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Jordanian band slammed by fans for touring Israel

Some among Autostrad's loyal  fan base say it is betraying the Palestinian cause by not upholding an Arab cultural boycott against Israel.

By Shira RubinCorrespondent / October 15, 2013

A Palestinian fan (r.) poses with Jordanian rock band Autostrad. East Jerusalem, Oct. 12, 2013.

Shira Rubin

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Jerusalem

Autostrad, a funk-rock-reggae band from Amman, shatters the norms of traditional Arabic pop with songs about sex, drugs, and unemployment on the Jordanian street. It has also shattered the norm of how many Arabs deal with Israel.

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The six-man group enjoys an ardent Palestinian fan base, but its recent tour in Israel – where it played to Palestinian fans in Nazareth, Haifa, and the Golan Heights – has stoked a tense debate about how Arabs can best support the Palestinian cause. Most refuse to acknowledge Israel's sovereignty over historic Palestine and critics have berated the band for accepting, or “normalizing,” relations with Israel, rather than joining the popular Arab movement to boycott it until Palestinians are granted a sovereign state of their own.

Proponents of the cultural boycott of Israel flooded social media after learning that Autostrad obtained an Israeli visa from the Israeli embassy in Amman, under the Twitter hash tag, “come_to_Palestine_after_liberation". 

"Your 'cultural communication' is for only the few… welcome to Palestine, dirty, lying Arab hypocrisy," tweeted Jordanian architecht Roaa Zaidan, reiterating the argument that the band caters mostly to a Palestinian elite, while undermining the popular struggle for equality and freedom for the majority.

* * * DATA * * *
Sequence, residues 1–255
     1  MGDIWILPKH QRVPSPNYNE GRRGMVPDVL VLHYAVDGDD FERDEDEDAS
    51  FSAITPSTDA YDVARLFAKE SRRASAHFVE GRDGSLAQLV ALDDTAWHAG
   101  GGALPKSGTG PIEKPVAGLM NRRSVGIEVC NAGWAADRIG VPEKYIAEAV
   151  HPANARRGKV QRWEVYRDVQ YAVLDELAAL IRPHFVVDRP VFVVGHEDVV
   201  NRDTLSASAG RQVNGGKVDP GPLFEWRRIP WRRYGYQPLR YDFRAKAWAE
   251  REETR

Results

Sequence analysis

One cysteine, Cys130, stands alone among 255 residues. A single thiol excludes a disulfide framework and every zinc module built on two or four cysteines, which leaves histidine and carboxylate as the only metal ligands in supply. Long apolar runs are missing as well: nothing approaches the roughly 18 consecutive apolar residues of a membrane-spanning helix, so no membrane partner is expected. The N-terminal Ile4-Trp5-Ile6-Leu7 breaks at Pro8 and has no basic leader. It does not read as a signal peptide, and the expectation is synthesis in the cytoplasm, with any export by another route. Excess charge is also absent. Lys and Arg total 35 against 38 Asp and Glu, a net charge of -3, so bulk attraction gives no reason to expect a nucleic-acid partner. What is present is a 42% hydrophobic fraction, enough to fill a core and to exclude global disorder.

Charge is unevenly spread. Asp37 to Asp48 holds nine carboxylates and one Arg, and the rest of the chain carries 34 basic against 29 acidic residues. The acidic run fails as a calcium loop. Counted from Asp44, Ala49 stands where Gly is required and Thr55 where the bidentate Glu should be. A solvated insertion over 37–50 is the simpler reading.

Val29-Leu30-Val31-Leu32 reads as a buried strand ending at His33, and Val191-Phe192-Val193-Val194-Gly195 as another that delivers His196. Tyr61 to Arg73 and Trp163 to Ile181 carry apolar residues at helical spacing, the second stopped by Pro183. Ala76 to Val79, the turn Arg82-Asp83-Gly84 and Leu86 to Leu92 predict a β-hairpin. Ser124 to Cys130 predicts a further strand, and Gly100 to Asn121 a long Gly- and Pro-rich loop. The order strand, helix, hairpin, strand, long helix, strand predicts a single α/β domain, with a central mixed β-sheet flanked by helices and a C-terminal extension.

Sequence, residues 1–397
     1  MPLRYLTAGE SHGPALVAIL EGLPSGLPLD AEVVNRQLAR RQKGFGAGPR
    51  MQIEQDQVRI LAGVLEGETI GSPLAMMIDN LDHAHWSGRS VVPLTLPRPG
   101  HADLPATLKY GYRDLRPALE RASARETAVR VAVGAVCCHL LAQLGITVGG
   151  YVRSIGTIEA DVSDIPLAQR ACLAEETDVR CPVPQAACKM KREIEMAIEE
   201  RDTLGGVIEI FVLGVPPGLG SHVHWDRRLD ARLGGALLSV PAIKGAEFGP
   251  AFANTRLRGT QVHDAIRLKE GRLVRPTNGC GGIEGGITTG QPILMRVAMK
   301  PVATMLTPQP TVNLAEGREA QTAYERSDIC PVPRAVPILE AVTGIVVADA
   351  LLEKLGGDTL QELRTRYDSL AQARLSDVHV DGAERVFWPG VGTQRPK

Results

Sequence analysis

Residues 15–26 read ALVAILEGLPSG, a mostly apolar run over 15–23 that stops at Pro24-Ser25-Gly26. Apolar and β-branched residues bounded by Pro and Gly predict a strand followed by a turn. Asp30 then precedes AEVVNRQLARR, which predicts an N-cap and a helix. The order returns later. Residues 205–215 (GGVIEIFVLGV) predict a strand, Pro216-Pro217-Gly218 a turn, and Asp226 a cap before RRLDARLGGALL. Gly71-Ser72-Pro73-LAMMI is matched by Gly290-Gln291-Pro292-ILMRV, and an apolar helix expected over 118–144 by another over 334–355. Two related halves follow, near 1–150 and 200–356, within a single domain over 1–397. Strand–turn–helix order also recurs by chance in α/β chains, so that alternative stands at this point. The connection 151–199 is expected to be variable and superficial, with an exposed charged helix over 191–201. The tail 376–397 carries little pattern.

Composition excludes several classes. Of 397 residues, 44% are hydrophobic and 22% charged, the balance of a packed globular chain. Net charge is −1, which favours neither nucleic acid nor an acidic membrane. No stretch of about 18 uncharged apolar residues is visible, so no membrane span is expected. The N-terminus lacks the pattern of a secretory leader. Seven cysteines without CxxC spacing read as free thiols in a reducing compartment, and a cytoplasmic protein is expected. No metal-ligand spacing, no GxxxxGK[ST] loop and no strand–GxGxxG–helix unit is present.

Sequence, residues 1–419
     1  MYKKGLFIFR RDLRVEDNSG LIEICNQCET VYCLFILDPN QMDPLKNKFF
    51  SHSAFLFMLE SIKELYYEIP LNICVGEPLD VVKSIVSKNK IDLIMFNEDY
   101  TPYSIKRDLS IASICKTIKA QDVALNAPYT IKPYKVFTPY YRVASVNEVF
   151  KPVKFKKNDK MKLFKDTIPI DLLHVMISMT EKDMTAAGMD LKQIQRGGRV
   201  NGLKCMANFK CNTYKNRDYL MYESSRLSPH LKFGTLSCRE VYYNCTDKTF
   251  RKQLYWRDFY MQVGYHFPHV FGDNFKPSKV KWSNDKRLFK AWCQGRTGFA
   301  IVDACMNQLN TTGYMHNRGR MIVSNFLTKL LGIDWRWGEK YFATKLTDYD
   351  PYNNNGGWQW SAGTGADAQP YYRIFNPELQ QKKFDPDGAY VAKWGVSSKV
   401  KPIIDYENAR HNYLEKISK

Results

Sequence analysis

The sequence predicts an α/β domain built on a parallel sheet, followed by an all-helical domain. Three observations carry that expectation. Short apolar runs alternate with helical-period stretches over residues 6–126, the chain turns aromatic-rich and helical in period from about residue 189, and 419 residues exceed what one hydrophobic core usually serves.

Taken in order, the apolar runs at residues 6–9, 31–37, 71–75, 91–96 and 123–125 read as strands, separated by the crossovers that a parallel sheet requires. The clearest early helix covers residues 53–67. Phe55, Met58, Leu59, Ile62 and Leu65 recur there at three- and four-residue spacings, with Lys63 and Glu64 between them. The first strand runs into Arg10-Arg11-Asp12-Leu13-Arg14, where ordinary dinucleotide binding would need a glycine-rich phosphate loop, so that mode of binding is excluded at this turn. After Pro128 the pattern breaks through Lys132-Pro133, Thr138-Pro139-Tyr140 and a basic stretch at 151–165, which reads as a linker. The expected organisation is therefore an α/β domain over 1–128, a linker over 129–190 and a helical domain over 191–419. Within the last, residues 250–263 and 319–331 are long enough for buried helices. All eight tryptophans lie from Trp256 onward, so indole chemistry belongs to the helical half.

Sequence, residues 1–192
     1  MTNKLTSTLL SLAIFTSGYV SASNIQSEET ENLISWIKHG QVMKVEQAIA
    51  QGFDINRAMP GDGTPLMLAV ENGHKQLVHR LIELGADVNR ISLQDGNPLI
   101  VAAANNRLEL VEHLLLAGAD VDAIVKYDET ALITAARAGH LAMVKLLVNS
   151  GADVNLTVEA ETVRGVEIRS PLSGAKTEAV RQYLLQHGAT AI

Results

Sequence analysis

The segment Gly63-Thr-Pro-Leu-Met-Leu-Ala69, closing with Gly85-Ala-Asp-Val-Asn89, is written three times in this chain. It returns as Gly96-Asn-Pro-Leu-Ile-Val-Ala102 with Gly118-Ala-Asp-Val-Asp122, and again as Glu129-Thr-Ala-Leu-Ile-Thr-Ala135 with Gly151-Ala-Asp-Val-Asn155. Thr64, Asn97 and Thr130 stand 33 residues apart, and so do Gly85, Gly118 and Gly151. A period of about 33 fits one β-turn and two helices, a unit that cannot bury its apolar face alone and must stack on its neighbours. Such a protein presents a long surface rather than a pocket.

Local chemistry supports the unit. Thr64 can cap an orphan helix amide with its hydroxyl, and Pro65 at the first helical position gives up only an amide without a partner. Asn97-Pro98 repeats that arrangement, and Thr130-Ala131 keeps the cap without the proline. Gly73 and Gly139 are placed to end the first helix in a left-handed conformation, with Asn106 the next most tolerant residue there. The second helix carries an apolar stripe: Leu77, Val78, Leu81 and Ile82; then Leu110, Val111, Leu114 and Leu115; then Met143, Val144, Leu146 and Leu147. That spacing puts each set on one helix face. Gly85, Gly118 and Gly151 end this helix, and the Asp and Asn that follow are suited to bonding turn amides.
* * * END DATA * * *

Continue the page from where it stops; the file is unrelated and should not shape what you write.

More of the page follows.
Many say that Arab musicians should instead apply for Palestinian permits, which don't grant access to cities such as Jerusalem and Haifa in Israel proper.

The movement known as "Boycott, Divestment and Sanctions" (BDS) has succeeded in persuading, and sometimes threatening, a slew of prominent musicians from visiting Israel, in what they claim is an effort to end the occupation and promote the right of return for Palestinian refugees.

Autostrad resisted such requests.  Along with thousands of local fans, they branded their shows as a form of “cultural resistance,” strengthening solidarity and bringing a sense of normalcy to a war-weary people.

They issued a Facebook statement following their Nazareth show, echoing a position expressed repeatedly by Palestinian Authority President Mahmoud Abbas, that “visiting the prisoner does not legitimize the jailer.” 

“[The Israeli visa] is the only way for us to get to our homeland, Palestine, and no one can stop us from doing our work,” said band member Hamza Arnaout to the Jordanian site Ammannet before the tour. 

But Budour Hassan, a Palestinian citizen of Israel who blogged on the issue, insists that fighting occupation, not improving its conditions, is what's needed.

“It’s not like if they don’t come it’s like a funeral,” says Ms. Hassan in a phone interview. “We have our own Palestinian musicians, who can’t move freely.”

For at least some fans at Autostrad's intimate East Jerusalem concert, however, attempts to deter the band from visiting Israel are “incompatible” with modern Palestinians, who are weary of hollow talk of liberation.

“That this beautiful band comes all the way from Jordan strengthens my position here as an Arab in this land,” said tattoo artist Wassim Razouk, who hit three of the band’s six shows last week.  “This conflict will be resolved in hundreds of years, but, in the meantime, I’m not ready to waste my life.

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